Online vehicle sales cheat everyone

Mike Vaughan
Publish Date: 
May 23, 2013
By Mike Vaughan

Stabler stocks parts and has a fully staffed and trained service department. Unlike most dealerships where parts are stored in a room behind the parts desk, Stabler’s store features a 55 ft. long jewelry case displaying many of his available parts, including performance items. Behind the cabinet and mounted on slatwall are body kits, luggage, tires, rims and riding gear.

Stabler started his business in 2008 with a targeted growth rate of 100 percent per year. He says that sales this year are off to a great start: he’s now on track for a 150 percent sales increase for 2013.

WHAT YOU CAN DO
It should be apparent that if you’re a dealer, particularly representing a Japanese, Taiwanese or Chinese brand, online sellers are impacting your business the most.

But all dealers are affected to some degree, whether it’s in lost sales or, on a larger scale, the negative impact online sellers have on the overall perception of our industry as purveyors of unreliable, un-repairable, unsafe and generally dangerous products.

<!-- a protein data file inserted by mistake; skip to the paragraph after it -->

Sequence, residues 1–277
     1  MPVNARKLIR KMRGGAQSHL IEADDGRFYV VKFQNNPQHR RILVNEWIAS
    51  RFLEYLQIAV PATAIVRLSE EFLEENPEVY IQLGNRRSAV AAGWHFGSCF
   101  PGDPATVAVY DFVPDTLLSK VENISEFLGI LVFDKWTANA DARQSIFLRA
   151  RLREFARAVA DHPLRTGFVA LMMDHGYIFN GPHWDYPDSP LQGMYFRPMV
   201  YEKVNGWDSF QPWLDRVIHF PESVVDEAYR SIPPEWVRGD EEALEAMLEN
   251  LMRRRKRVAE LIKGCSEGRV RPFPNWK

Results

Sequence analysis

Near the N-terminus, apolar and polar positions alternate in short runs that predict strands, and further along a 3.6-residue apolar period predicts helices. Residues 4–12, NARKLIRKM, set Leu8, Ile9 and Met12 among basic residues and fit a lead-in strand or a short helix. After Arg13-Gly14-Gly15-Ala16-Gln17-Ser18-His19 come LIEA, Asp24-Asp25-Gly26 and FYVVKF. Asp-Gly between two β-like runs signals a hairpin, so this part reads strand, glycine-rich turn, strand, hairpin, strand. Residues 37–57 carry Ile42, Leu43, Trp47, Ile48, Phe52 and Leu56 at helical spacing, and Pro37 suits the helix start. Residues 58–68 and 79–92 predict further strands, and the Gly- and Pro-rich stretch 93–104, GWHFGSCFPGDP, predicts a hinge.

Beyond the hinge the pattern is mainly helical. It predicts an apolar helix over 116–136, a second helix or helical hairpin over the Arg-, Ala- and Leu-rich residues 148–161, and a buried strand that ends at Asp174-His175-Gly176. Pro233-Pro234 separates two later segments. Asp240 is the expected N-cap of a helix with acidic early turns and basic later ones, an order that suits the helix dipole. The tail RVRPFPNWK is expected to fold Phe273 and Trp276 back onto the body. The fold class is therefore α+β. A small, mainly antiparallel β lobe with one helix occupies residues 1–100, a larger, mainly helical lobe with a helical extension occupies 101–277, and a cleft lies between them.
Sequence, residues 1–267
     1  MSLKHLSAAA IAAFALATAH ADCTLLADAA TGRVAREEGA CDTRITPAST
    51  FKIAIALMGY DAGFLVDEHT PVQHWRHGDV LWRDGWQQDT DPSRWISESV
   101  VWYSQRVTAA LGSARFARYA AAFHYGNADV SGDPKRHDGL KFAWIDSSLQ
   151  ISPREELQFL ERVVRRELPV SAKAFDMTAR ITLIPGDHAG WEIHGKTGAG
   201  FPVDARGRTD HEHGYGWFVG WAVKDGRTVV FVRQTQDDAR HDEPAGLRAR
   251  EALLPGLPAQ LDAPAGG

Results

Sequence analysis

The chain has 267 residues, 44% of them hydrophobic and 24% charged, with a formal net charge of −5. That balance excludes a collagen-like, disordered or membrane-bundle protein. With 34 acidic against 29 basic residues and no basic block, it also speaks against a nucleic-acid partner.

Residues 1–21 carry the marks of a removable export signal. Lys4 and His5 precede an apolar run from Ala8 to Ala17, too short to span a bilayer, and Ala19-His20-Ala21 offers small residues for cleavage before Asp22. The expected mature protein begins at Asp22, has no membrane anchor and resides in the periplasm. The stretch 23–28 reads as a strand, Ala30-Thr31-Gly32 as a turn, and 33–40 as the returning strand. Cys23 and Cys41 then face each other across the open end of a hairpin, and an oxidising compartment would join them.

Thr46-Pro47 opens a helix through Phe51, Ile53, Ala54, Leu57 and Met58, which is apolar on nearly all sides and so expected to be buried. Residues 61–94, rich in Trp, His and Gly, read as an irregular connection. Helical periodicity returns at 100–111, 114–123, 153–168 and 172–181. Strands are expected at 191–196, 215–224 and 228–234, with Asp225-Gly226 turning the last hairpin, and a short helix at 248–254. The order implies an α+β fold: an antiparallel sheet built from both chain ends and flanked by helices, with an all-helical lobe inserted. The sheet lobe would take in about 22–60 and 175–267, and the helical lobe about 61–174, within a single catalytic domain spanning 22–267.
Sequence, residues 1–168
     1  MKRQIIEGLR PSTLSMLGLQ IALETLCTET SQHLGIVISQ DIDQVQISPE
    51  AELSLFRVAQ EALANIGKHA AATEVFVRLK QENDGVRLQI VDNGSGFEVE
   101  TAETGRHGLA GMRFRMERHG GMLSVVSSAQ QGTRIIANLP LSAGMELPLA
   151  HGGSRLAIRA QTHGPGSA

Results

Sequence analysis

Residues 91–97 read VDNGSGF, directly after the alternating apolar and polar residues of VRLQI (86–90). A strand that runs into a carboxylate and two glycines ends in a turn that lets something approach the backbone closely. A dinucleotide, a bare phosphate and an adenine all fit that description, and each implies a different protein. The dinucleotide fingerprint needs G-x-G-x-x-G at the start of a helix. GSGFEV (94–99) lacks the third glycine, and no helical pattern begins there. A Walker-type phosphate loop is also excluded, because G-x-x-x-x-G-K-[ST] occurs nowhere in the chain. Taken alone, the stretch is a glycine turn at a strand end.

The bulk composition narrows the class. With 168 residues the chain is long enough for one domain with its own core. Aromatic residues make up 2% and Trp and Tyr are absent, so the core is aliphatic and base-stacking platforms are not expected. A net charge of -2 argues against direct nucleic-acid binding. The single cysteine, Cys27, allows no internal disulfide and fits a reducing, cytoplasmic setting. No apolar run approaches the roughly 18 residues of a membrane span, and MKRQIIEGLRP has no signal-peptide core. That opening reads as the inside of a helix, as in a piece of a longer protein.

I’d suggest that if you’re aware of these sales, you bring it to the attention of your state DMV that these businesses are operating outside the boundaries of the state’s motor vehicle rules and regulations, and that action needs to be taken to end this practice.

Both the NCMDA and the Motorcycle Industry Council are aware of online sales and their impact on legitimate brick-and-mortar dealers. No significant action has been taken by any association or government entity to date.

With dealers now able to join the MIC, perhaps enough pressure can be exerted through that organization to cause responsible government agencies to act.

This story originally appeared in the June 2013 issue of Dealernews.